People often have a hard time noticing these cute little dudes as they blend in so gosh darn well into the foliage we added to their home. We’ve started challenging kids and adults alike to try and find all 7, which is harder than it sounds. Meller’s chameleons are the only truly social chameleons in the world, which is why we can house so many together in such a lovely exhibit, which was sponsored by Brian Allen and ExoTerra. I learned a fun fact the hard way about these chameleons; they have the sharpest nails of any chameleon I’ve ever met. Last time I tried to hold one it looked like I got savaged by a very small cat.

That’s it for this week; we hope you guys learned some fun stuff about chameleons!

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Remembering Thelma and Louise

It has been an uncommonly hard year for us here at the Reptile Zoo. Shortly after the loss of our beloved Twinkie, we found that our dynamic duo, Thelma and Louise had too passed. It seems unfair and tragic that after the loss of such a big part of our team, we must say goodbye to another member that made our little zoo so special. The two-headed Texas ratsnake who delighted kids and adults for the past 14 years has sadly gone on to snake heaven, leaving a two-headed hole in our hearts.

Thelma and Louise was an incredibly special snake. Most polycephalic (that’s science talk for more than one head) creatures are stillborn, and even fewer survive longer than a few days or weeks once born. Our two-headed duo surpassed all odds, surviving to an incredible 14 years. Considering that a normal one-headed Texas ratsnake has a lifespan of 10-15 years we’re ultimately saddened but unsurprised by her passing.

Polycephalic creatures are formed when twin embryos fuse inside the egg or womb they are developing in. Any animal can have two heads, but snakes are one of the few species that can generally survive, or even in special cases like Thelma and Louise, thrive. The ability of a two headed animal to survive generally depends on just how well individual parts and organs formed. Thelma and Louise each had their own throat and windpipe, which joined up to share one stomach and set of lungs. In general, whichever head got to the food first was the one that got to eat. This occasionally led to some funny conundrums, like when Thelma and Louise each had one end of a mouse and wouldn’t let go, leading to a Lady and the Tramp-esqe dinner.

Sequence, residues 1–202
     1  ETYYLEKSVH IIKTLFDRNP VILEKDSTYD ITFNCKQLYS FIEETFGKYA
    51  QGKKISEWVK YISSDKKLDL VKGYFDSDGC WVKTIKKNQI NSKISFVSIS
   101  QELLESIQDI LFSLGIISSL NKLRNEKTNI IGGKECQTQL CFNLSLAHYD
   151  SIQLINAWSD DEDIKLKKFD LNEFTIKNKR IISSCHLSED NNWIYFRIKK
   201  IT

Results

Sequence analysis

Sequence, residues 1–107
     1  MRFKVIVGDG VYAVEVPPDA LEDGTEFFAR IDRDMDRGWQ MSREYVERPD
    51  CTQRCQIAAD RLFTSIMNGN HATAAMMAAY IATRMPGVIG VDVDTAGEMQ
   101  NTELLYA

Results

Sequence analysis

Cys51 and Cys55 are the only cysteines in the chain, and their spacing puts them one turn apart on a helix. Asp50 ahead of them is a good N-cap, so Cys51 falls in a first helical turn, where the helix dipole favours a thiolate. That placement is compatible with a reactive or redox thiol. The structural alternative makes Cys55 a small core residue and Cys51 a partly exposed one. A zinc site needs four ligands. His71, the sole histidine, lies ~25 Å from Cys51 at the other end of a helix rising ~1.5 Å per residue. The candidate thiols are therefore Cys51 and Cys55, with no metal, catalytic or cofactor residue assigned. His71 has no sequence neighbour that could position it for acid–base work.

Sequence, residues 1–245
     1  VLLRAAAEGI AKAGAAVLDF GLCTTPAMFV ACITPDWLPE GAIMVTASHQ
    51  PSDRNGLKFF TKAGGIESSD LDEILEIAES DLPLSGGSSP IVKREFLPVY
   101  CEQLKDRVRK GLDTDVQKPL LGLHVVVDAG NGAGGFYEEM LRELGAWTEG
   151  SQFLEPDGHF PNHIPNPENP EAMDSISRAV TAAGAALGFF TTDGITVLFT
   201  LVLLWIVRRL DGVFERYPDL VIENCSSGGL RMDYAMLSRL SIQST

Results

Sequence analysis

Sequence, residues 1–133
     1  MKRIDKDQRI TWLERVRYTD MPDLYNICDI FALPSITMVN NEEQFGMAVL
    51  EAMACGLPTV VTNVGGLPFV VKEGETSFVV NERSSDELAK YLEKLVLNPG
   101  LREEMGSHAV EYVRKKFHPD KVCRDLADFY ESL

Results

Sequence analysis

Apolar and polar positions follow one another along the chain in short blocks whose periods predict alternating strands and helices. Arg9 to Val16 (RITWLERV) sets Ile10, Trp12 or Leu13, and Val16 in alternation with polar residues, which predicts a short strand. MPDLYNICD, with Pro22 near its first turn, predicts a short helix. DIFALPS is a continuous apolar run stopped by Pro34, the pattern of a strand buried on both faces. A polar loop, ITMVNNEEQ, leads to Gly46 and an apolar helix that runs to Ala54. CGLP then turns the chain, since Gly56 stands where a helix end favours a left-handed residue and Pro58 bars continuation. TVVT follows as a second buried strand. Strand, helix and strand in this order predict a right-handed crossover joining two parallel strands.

In the end, Thelma managed to wrestle the mouse away from Louise (Louise was the left head) and send it down to their shared stomach. Either way, they were both fed!

Showing off their pearly whites...

Rest in Peace lovely girls, you’ll be sorely missed.

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Reptile Facts Friday- Australia Edition

It’s Reptile Facts Friday!

We’re starting a new blog series here at the Reptile Zoo where we take 3 of our awesome animals and tell you a fun fact about them! This week, we’re highlighting our favorite Australian Lizards and their awesome defense systems!

Let’s start with one of the most charismatic reptiles out there, the bearded dragon! Beardies, as they’re called by enthusiasts, have one of the most obvious defense mechanisms of the lizard world. These little dudes are covered in big spikes all along their neck, cheek, and sides. Smaller spikes stand out from their legs, tail, and head.

Anything that wants to eat a bearded dragon has to think twice, as these guys are like the puffer fish of the lizard world. When feeling threatened, these guys will poof themselves up to almost double their usual body width. That lovely beard of spikes will inflate and turn black, and they will open their mouths and hiss. The overall effect is rather impressive, as you can see.

Image © David Kleinert (http://davidkphotography.com/index.php?showimage=370)

Our next Aussie is slightly more subtle but no less awesome. The blue tongued skink gets its name from its main form of defense! These cool lizards have a tongue that is, you guessed it, blue!

When feeling threatened, the skink will puff itself up, hiss, and show off its bright blue tongue. Bright colors in the animal kingdom generally mean that the animal with them is poisonous. While the blue tongued skink doesn’t actually have poison or venom, their attacker will usually fall for the trick and leave them alone.

Image © David Kleinert (http://www.davidkphotography.com/index.php?showimage=323)

If that display doesn’t work, their hard thick scales can protect them from bites. They’re capable of running surprisingly fast for their tiny legs, and can drop their tails at will to distract a predator. Most of the time their snake-like appearance is enough to make anybody think twice about touching them.

The last and possibly most bizarre Australian lizard is the Frill-Necked Lizard, or Frilled Dragon. These little guys get their name from the large flap of extra skin attached to their jawline. The frill is usually kept close to the body and out of the way to prevent damage, giving them a slightly wrinkly appearance.